Jordan, a country right in the middle of a rather unstable part of the world, commonly referred to as the Middle East. Having neighbors like Syria, Irak, Saudi Arabia and Israel / the Palestinian Territories doesn’t really make it easy to allure potential visitors to come to your hood. Whenever one of Jordan’s neighbors is the main topic in western news, it isn’t exactly to point out its ambition as an upcoming tourist destination (maybe Israel is an exception).
But how often do you actually hear the name Jordan in those news? Not too often right? That problem is, that people are consuming the news , having a look at a map and then deciding that Jordan isn’t safe to travel to. But that’s like excluding Poland from a Euro-Trip cause it shares a border with the Ukraine. Or not going to Canada cause their neighbor is currently involved in several conflicts worldwide.
What I wanna say is, that living in a shady neighborhood doesn’t make you a criminal. And after spending an awesome two weeks in this country over Christmas and New Years of 2017 / 18 I can’t recommend enough to add Jordan to your bucket list for 2018. It is an amazing country and hopefully the next ten photos will prove my point and inspire you to see Jordan with your own eyes.
10 Photos that will put Jordan on your bucket list
A compilation of photographs that will make you want to travel to Jordan immediately
Over 100 million people voted on the New 7 Wonders of the World in 2007. And besides heavyweights like the Great Wall of China and the Taj Mahal, the ancient Nabatean city of Petra was announced one of the lucky winners. Therefore it doesn’t come as a surprise that the Jordanian tourist industry uses Petra as their number one crowd-puller. Attracting almost half a million visitors per year, Petra is the most visited tourist destination in all of Jordan and probably pretty high-ranked on most people’s bucket list. And well, no trip to Jordan is complete without a visit to Petra, The Rose-Red City.
2. Little Petra
Little Petra shouldn’t be missed if you’re in the area. Although it’s only a 20 minute drive away from Wadi Musa, it feels like what Petra probable felt like before it became one of the New 7 Wonders of the World. Visiting Little Petra is free and there’s only a handful of tourists here. Nobody tries to shove your tourist-butt onto his camel or donkey and you won’t hear a constant mumbling about the upcoming happy-hour-prizes for tourist knick-knack. Just wander around the age-old ruins, have a tea with one of the locals and enjoy the fact, that places like this still exist.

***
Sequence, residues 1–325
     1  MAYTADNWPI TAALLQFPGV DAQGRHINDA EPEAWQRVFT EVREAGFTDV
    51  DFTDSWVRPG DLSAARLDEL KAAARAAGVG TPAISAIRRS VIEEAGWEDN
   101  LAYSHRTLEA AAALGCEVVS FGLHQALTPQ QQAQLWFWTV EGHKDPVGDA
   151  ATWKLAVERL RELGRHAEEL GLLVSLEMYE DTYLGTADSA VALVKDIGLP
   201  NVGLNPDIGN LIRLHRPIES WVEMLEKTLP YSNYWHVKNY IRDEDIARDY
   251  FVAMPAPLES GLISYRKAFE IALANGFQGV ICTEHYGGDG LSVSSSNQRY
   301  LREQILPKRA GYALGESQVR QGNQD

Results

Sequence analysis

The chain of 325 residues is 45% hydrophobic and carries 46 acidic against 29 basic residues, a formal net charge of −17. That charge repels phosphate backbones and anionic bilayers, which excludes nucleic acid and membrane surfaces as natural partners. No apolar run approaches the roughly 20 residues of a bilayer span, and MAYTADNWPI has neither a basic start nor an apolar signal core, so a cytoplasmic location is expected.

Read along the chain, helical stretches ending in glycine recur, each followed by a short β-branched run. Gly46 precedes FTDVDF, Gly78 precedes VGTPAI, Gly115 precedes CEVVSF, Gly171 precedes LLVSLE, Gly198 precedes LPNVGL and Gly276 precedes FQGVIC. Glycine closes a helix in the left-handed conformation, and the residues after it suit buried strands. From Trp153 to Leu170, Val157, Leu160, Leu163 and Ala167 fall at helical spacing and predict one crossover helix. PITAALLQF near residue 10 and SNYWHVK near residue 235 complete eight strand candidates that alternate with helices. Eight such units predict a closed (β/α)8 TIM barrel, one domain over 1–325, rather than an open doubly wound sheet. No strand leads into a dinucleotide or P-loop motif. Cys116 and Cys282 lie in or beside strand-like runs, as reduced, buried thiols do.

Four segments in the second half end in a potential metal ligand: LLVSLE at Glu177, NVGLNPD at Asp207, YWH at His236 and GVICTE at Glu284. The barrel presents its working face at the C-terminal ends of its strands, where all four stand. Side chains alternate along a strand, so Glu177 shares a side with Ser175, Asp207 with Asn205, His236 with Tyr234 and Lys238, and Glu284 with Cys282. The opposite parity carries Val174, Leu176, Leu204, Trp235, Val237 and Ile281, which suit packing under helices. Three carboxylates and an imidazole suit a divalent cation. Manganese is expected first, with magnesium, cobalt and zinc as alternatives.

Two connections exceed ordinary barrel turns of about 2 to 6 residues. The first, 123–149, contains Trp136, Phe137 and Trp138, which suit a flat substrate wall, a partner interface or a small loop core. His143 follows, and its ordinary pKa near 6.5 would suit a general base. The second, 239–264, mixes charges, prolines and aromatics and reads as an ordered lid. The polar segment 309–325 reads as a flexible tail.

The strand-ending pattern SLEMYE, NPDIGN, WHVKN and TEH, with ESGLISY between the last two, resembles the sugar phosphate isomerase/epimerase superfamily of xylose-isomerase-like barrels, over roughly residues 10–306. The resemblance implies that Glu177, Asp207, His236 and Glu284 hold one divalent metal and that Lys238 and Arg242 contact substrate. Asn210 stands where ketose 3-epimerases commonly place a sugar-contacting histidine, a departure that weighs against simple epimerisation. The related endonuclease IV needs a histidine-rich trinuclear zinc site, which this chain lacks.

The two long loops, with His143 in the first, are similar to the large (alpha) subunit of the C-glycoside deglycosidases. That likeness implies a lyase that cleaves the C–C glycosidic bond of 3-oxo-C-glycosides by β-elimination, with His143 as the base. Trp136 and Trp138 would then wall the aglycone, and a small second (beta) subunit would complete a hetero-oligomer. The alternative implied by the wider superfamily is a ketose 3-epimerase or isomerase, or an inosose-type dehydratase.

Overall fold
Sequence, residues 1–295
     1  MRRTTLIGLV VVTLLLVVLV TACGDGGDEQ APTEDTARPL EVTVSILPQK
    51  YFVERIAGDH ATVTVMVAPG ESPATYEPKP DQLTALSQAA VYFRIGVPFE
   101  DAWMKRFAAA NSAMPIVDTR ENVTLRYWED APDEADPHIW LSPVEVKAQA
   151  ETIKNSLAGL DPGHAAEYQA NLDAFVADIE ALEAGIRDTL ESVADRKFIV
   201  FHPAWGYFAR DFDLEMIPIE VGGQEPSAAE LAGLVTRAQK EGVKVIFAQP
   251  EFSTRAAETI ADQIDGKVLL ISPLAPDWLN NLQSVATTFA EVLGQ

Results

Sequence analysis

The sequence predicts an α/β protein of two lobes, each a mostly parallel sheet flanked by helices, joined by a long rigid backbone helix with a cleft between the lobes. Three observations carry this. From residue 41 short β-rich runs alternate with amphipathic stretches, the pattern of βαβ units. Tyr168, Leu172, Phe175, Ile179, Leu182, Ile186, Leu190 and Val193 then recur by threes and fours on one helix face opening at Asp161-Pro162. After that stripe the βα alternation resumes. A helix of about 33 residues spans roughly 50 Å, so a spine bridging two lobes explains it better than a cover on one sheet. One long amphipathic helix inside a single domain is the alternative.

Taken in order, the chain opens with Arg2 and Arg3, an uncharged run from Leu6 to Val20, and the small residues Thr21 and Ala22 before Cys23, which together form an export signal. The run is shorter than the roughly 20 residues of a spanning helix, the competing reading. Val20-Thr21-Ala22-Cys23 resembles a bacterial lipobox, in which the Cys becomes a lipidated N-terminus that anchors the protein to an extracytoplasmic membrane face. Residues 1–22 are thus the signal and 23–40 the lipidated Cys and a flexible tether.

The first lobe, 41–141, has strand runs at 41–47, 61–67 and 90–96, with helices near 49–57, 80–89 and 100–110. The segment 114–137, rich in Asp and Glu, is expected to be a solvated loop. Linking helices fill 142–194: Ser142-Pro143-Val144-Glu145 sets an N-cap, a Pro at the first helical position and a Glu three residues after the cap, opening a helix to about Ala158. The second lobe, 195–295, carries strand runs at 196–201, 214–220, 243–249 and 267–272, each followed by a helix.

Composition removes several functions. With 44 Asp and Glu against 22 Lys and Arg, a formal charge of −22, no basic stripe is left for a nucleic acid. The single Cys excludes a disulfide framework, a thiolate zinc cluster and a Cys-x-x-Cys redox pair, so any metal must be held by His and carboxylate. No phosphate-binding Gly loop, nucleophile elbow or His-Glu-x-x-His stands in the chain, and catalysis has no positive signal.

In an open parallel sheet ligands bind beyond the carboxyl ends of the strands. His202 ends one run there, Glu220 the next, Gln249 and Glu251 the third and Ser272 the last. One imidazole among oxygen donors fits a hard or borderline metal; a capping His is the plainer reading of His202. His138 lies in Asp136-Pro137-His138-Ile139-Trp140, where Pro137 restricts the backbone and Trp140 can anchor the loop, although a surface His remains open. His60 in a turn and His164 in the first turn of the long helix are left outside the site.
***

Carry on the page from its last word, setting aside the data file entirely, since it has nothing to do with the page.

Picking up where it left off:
3. The Dead Sea
I travelled quite a bit over the last 8 years but never have I been to such a surreal place. The Dead Sea is like a desert filled with water. And unfortunately it shrinks incredibly fast (around 1m per year) and therefore constantly creates a new “lowest point on earth” (bucket-list-alarm again :). If you drive along the Dead Sea highway, pull over from time to time and just admire the vista.
It is also definitely worth it to walk down right to the edge of the water. Although it might not look like this from afar, but getting up close to the super salty shoreline reveals all the abstract shapes and patterns created by the hypersalination of the water.
If you feel adventurous and wanna experience the Dead Sea like a local, including floating, a mud-pack and bathing in a hot spring, without breaking the bank, then check out this Budget Guide to the Dead Sea.
Madama is a small city about a 40 minute drive south of Amman. It is most famous for its many well-preserved mosaics, most notably the “Madaba Map”. A depiction of Jerusalem and parts of the Holy Land dating back to the 6th century. The “Madaba Map” can be found in St. George’s Church, a Greek Orthodox Church located right in the old town of Madaba.
5. The Desert Castle Circle
East of Amman there are several so-called Desert Castles that can be accessed within a one day trip. You can either book a tour in Amman or do it with a rental car. The small Desert Castle Circle includes the following: Qasr Mshatta, Qasr Kharana, Qasr Al Amra, Qasr Azraq and Qasr Hallabat. I’d suggest to start in the south and make Qasr Hallabat the last stop of your day trip since it’s a great place to enjoy the sunset while the prayer calls of several muezzins sound in the distance.